Giving back is an important part of Erin’s healing: “I do what I can to give back. I know what it’s like to be in desperate circumstances and I do what I can to be there for people who need help.”
Soup Kitchen by numbers…
The second annual soup kitchen guest survey was conducted on April 24th 2014 to help us understand more about our guests and how best to meet their needs. A year on from our first survey, we can see the impact of cuts to food stamp programs and other benefits and how more new veterans coming home are relying on the soup kitchen. Perhaps most worrying of all is the continued upward trend in unemployment among our guests, despite a recovering economy here in New York City…
From Farm to Tray
Our second annual From Farm to Tray benefit was held on May 15th 2014.
Bigger and better than ever, this year we had more chefs preparing more delicious food, more guests, and, most importantly, more dollars raised.
“From the chefs to sponsors, guests to volunteers – we’re so grateful to all who supported our wonderful event,” says Executive Director, Father Glenn Chalmers. “We raised even more than last year and this will go a long way towards helping us meet the growing need here at the soup kitchen.”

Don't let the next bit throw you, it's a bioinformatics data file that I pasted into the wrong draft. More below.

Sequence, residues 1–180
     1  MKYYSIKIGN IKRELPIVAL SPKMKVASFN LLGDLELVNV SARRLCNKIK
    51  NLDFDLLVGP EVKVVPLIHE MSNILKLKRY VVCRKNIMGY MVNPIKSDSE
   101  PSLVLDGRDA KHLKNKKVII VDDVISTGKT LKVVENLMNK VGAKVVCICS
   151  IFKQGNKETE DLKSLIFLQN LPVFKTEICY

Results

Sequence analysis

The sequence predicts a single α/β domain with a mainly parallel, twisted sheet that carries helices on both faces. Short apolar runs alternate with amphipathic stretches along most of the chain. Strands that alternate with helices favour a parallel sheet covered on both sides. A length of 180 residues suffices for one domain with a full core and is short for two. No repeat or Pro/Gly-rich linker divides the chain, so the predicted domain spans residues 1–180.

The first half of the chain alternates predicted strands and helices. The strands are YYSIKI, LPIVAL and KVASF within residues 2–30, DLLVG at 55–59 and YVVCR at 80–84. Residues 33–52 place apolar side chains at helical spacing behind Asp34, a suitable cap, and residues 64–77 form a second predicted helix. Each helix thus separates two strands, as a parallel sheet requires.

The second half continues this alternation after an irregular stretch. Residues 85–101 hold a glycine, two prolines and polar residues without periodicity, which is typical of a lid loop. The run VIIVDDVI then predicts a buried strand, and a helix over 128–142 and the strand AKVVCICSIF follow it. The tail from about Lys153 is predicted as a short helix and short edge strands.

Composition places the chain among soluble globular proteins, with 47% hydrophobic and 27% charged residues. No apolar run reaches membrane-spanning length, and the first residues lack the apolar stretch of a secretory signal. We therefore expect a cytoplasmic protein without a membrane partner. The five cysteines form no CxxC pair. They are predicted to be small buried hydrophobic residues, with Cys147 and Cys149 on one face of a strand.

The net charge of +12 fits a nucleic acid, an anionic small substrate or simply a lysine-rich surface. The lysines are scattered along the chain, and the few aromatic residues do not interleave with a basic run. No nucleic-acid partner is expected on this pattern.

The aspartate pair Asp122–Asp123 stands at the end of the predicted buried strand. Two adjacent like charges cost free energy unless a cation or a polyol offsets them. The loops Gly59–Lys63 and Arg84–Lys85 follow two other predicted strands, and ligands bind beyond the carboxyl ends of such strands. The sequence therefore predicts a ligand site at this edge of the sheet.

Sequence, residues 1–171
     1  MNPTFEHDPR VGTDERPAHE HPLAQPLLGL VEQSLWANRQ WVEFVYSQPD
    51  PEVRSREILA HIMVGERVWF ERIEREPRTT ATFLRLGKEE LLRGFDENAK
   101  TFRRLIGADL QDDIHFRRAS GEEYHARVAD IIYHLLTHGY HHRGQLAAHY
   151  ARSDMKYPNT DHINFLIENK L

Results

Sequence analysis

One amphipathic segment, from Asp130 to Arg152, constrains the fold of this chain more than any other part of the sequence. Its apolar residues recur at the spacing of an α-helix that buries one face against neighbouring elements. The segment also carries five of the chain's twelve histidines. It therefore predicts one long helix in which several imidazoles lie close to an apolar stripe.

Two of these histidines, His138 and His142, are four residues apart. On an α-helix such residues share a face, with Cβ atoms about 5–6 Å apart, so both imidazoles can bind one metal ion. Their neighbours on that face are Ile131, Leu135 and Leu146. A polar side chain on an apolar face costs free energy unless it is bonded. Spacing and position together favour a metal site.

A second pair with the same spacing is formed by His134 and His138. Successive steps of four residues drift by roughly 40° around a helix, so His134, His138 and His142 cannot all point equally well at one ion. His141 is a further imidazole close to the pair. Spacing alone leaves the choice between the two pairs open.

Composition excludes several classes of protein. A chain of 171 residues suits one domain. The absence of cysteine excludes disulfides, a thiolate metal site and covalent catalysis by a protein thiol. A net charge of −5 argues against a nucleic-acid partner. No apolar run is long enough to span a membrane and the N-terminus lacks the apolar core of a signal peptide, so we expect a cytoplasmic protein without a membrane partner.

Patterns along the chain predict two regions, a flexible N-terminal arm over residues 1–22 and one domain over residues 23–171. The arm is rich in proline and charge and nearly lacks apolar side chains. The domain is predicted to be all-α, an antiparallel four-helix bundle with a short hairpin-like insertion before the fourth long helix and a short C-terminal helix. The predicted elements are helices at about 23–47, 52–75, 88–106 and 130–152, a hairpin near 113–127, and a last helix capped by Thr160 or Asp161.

This year’s guest list included leading names from all walks of life in New York including Susan Ungaro, President of the James Beard Foundation and our long term supporter Susan Sarandon who stopped by to talk with Father Glenn about our work and also to sample the wonderful food on offer!
For more photos of the 2014 event, visit our Facebook page and check out the From Farm to Tray album. www.facebook.com/holyapostlessoupkitchen
Voice of a volunteer…Edward
“A man makes better decisions on a full stomach,” says volunteer Edward White. “You can stop and think, at least for a minute.”
Having first come to Holy Apostles Soup Kitchen as a guest, Edward – who has a graduate degree in criminal psychology – knows what he’s talking about. A heart attack had left him $100,000 in debt and on the verge of homelessness. It was a scary time for Edward and one that he feels helps him relate to guests.